Film Review: Ava

It’s certainly not easy growing up as a teenage girl in the modern world, regardless of where you live. You probably feel assailed from every side. If it’s not the media’s relentless obsession towards beauty and perfection or the toxic social media, it’s boys being utter twerps. At least growing up in a Western democracy you’re entitled to a fair amount of protection and rights, even if that’s within patriarchal systems. For Ava, growing up in Iran only offers limited freedoms.

Ava (Mahour Jabbari) is a student at an all-girls high school in Tehran. Just a normal teenager with all the hopes, fears and aspirations you’d expect. She lives in a nice apartment with her affluent parents (Vahid Aghapoor and Bahar Noohian), a mother who is overprotective and a father who is often absent. In many ways she’s a model student, obsessed with music and trying to fit in. However, when her mother finds out she’s been seeing a boy, her life is suddenly thrown upside down.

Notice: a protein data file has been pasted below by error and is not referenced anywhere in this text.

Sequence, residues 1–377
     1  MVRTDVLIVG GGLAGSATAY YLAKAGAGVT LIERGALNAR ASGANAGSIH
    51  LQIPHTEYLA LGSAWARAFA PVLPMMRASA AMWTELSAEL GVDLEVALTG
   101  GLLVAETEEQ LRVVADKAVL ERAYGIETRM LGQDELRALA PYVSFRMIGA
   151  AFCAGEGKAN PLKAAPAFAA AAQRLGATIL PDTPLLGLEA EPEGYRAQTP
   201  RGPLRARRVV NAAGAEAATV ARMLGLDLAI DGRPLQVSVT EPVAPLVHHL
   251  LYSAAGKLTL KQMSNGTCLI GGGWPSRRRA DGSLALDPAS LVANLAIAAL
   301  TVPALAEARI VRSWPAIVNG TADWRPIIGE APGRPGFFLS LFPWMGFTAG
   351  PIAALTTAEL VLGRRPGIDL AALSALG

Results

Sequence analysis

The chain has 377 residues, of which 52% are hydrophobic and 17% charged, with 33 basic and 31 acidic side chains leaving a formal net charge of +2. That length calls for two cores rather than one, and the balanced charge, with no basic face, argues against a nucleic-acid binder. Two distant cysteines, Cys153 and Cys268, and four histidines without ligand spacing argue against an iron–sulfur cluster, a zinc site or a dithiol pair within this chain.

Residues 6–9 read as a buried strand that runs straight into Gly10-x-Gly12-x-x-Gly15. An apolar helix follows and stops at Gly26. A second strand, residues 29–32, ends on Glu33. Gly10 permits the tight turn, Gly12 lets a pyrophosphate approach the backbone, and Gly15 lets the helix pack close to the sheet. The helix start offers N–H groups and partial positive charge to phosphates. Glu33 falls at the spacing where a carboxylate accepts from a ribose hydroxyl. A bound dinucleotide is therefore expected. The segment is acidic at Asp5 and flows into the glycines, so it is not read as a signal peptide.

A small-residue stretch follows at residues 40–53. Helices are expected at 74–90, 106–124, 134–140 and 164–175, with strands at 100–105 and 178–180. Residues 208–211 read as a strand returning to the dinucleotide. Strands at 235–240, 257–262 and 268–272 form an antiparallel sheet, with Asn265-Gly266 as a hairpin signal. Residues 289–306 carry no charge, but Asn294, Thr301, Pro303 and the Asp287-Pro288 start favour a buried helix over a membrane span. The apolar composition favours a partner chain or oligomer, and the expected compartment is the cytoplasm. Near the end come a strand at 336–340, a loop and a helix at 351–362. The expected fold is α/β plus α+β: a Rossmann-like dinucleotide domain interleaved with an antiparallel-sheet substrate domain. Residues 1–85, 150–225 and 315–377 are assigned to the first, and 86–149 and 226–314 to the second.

Based on her own adolescent experiences, Sadaf Foroughi’s feature is an assured debut which pits traditional and obedience against a natural tendency to rebel. It’s easy to see why Ava won the FIPRESCI Prize at Toronto International Film Festival in the Discovery section. One huge overaction by her mother acts as a catalyst for Ava to rage against the world.  Jabbari impresses in her first acting role whilst there’s clever use of location to represent the parameters she has to live in. Ava is a powerful and precise coming-of-age drama.

Ava is released on digital by New Wave Films on 21 August.

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